The Boy on the Bridge – Book 2 of The Girl With All the Gifts series by M.R. Carey
Once upon a time, in a land blighted by terror, there was a very clever boy. The people thought the boy could save them, so they opened their gates and sent him out into the world. To where the monsters lived.
If you haven’t read The Girl With All the Gifts yet want to plunge into this offering, feel free to do so – while it is set in the same world, the links between the two books are tenuous and don’t add all that much to the overall story. I found this zombie apocalypse reworking a heartbreak of missed opportunities and bungled decisions – but oh so very believable. And if zombies aren’t your thing, don’t dismiss this one – they aren’t my thing either, but Carey’s a master storyteller and this is a masterful story.

So… these are the books I read and reviewed for Sci Fi Month, before I realised that November only had 30 days – and there are a number of others I haven’t yet written the reviews for. As I said, I did get a tad carried away. What about you – are there any here that have taken your eye? What did you read for Sci Fi Month?

*NEW RELEASE SPECIAL* Review of NETGALLEY arc Redemption’s Blade: After the War by Adrian Tchaikovsky #Brainfluffbookreview #Redemption’sBladeAftertheWarbookreview

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After producing a steady stream of excellent, thought-provoking books, Adrian Tchaikovsky has now become one of my must-read authors – see my review of Spiderlight. And when I saw this one appear on Netgalley, I thought Christmas had come early – I just loved the premise…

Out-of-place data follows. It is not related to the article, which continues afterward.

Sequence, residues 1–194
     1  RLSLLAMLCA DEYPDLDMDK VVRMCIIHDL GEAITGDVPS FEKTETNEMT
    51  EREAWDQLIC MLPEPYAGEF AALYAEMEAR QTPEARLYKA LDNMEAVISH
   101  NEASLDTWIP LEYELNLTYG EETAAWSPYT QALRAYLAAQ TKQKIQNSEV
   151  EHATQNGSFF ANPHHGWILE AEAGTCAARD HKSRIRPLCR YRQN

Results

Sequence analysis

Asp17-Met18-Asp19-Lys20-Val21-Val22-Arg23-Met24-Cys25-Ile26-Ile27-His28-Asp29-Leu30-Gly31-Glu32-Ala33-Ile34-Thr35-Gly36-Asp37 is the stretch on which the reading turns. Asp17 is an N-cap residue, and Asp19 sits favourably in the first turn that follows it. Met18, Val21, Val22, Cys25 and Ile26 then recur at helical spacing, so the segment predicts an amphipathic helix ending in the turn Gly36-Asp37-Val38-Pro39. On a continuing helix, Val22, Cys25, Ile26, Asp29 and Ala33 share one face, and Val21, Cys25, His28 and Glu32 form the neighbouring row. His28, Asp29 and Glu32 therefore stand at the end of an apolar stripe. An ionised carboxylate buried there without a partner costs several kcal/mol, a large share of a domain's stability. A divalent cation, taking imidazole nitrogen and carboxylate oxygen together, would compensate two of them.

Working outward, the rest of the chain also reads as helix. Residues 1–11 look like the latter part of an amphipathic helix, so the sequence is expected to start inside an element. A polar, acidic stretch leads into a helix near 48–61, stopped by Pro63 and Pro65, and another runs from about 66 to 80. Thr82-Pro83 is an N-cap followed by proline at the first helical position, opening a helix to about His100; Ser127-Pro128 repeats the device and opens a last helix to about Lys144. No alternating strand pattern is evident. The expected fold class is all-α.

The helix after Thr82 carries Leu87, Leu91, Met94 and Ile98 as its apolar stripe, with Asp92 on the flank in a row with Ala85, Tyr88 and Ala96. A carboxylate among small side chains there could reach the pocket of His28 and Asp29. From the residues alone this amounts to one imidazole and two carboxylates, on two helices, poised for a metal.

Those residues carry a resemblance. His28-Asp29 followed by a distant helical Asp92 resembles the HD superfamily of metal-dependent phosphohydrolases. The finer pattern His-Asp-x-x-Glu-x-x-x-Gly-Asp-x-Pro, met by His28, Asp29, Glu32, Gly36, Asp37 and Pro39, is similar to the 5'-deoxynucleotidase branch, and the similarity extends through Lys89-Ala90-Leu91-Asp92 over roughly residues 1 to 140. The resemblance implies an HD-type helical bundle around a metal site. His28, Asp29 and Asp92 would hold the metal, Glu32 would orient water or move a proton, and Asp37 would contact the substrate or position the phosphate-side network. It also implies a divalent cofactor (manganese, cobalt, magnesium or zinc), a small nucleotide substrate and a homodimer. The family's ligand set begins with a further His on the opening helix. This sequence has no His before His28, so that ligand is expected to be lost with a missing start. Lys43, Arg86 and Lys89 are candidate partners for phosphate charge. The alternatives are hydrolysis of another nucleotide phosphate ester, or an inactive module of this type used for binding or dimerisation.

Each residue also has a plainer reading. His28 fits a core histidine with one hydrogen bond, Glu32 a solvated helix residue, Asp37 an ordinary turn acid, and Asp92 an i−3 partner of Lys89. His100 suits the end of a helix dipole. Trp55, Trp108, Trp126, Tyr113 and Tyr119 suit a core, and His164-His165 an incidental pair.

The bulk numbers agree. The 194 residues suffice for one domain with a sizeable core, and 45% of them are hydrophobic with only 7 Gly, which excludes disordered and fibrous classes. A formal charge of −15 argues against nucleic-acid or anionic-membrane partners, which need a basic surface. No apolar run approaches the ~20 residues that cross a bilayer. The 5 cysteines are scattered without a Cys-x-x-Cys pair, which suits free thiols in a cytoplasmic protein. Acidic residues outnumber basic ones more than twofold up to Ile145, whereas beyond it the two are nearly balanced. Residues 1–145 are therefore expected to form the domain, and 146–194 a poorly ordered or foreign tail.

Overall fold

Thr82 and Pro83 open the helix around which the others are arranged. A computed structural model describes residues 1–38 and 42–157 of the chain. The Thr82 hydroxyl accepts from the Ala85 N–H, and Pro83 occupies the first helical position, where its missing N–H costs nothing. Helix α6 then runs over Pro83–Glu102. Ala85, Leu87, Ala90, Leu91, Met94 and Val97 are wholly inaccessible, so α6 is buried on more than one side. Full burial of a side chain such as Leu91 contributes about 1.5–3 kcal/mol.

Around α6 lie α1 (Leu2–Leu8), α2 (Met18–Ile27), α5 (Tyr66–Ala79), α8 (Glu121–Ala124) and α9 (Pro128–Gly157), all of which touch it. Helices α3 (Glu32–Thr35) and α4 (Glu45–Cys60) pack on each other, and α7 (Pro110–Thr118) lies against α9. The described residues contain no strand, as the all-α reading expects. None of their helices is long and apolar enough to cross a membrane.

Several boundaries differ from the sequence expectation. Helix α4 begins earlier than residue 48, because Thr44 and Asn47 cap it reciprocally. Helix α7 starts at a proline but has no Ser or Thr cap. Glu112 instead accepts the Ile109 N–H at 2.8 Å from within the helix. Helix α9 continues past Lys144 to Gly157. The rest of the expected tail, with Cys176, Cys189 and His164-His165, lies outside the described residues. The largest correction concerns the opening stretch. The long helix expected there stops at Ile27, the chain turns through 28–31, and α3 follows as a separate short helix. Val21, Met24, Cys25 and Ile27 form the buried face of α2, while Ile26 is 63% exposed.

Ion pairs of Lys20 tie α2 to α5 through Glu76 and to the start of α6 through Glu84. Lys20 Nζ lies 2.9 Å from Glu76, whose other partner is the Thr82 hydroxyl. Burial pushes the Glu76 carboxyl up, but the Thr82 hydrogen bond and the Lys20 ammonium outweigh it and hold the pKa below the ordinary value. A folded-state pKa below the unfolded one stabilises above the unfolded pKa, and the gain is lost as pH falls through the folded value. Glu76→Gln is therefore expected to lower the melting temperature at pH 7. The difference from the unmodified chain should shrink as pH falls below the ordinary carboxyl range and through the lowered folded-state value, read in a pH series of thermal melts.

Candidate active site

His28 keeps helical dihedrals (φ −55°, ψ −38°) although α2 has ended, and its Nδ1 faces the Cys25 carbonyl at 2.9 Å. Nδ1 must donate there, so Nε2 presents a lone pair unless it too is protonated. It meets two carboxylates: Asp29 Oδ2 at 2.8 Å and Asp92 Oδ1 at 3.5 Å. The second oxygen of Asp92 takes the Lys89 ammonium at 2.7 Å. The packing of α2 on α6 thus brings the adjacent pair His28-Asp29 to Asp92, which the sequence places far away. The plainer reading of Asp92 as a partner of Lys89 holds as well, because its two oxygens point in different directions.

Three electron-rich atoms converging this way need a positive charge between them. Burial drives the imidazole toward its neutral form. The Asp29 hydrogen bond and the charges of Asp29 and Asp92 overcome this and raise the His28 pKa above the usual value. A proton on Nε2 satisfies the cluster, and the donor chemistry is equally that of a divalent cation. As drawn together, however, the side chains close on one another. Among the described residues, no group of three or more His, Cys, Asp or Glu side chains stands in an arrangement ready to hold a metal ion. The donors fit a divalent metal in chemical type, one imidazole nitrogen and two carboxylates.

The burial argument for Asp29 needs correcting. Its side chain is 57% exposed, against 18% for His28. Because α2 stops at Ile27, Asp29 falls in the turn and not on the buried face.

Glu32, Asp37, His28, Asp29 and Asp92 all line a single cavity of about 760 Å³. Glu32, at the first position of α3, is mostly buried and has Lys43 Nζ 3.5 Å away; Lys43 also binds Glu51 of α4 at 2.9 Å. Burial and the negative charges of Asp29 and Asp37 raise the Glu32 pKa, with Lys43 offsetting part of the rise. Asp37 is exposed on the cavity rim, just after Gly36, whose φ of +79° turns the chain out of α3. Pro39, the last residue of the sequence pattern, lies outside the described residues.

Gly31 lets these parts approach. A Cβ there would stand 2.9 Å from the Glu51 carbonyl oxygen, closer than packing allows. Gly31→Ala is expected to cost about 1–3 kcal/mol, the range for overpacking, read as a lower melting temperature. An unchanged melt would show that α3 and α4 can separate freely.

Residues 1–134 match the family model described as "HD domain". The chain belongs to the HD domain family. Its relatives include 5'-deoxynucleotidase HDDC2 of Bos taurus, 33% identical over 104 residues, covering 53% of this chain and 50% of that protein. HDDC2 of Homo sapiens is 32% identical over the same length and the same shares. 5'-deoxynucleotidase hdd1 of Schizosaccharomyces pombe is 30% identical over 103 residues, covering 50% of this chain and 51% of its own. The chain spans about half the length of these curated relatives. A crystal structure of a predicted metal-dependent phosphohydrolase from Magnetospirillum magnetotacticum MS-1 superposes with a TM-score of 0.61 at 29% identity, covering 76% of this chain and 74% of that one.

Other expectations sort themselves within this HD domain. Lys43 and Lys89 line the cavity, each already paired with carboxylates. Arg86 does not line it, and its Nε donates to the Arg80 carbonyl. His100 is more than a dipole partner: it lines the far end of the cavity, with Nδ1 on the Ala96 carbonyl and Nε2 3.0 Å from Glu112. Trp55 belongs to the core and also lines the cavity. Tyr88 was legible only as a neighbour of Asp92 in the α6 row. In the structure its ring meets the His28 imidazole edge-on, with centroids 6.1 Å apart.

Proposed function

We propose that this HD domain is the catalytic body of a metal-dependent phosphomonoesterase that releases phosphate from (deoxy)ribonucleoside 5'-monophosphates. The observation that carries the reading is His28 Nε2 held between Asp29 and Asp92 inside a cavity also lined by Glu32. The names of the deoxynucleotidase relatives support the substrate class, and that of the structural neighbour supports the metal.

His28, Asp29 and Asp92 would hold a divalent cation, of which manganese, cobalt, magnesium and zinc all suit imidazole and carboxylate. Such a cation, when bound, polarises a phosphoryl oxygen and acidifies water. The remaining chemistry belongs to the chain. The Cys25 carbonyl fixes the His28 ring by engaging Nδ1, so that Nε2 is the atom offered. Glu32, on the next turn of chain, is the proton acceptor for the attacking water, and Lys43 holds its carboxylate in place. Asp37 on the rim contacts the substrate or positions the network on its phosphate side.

Ten years ago, the renegade demigod known as the Kinslayer returned. His armies of monsters issued from the pits of the earth, spearheaded by his brutal Yorughan soldiers. He won every battle, leaving burnt earth and corruption behind. Thrones toppled and cities fell as he drove all before him. And then he died. A handful of lucky heroes and some traitors amongst his own, and the great Kinslayer was no more. Celestaine was one such hero and now she has tasked herself to correct the worst excesses of the Kinslayer and bring light back to her torn-up world. With two Yorughan companions she faces fanatics, war criminals and the monsters and minions the Kinslayer left behind as the fragile alliances of the war break down into feuding, greed and mistrust. The Kinslayer may be gone, but he cast a long shadow she may never truly escape.